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Computational Approaches for Translational Clinical Research in Disease Progression
  1. Mary F. McGuire, MS*,
  2. Madurai Sriram Iyengar, PhD*,
  3. David W. Mercer, MD
  1. From the *School of Biomedical Informatics, University of Texas Health Science Center at Houston, TX; and †Department of Surgery, University of Nebraska Medical Center, Omaha, NE.
  1. Received September 28, 2010, and in revised form May 3, 2011.
  2. Accepted for publication May 13, 2011.
  3. Reprints: Mary F. McGuire, MS, School of Biomedical Informatics, University of Texas Health Science Center at Houston, 7000 Fannin, #600, Houston, TX 77030. E-mail: mary.f.mcguire{at}uth.tmc.edu.
  4. This work was supported by the National Institutes of Health (T15-LM07093-16 to M.F.M. and GM-38529, GM-08792, CReFF UCRC no. M01RR002558 to D.W.M.).
  5. The authors have no conflicts of interest to declare.
  6. Supplemental digital content is available for this article. Direct URL citation appears in the printed text and is provided in the HTML and PDF versions of this article on the journal's Web site (www.jinvestigativemed.com).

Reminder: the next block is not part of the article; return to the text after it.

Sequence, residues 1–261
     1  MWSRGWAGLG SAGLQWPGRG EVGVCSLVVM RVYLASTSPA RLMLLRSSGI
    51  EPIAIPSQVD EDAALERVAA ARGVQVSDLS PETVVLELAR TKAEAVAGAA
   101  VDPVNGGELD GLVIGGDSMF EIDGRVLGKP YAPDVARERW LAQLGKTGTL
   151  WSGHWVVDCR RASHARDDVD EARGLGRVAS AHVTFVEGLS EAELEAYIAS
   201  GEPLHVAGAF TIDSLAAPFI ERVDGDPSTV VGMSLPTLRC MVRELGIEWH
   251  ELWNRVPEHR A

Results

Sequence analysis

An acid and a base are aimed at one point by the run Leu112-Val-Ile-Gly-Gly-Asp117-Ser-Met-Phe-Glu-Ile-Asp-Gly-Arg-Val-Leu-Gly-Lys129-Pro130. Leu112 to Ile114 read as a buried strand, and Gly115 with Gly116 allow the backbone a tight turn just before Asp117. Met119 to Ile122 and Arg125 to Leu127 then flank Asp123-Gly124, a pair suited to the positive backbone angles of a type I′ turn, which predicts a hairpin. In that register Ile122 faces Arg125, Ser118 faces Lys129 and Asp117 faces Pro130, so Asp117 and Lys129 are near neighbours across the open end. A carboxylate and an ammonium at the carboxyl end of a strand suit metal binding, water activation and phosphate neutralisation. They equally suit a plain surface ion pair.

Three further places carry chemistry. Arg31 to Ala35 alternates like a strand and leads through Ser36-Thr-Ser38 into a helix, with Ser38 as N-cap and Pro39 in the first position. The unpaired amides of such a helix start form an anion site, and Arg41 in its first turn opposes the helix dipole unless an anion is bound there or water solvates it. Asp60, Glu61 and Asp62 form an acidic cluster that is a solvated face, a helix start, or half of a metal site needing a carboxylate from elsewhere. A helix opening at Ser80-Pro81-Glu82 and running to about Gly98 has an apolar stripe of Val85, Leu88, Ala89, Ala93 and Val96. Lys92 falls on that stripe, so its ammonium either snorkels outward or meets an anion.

Abstract

Today, there is an ever-increasing amount of biological and clinical data available that could be used to enhance a systems-based understanding of disease progression through innovative computational analysis. In this article, we review a selection of published research regarding computational methods, primarily from systems biology, which support translational research from the molecular level to the bedside, with a focus on applications in trauma and critical care. Trauma is the leading cause of mortality in Americans younger than 45 years, and its rapid progression offers both opportunities and challenges for computational analysis of trends in molecular patterns associated with outcomes and therapeutic interventions.

This review presents methods and domain-specific examples that may inspire the development of new algorithms and computational methods that use both molecular and clinical data for diagnosis, prognosis, and therapy in disease progression.

Key Words
  • systems biology
  • computational methods
  • trauma
  • biomedical informatics

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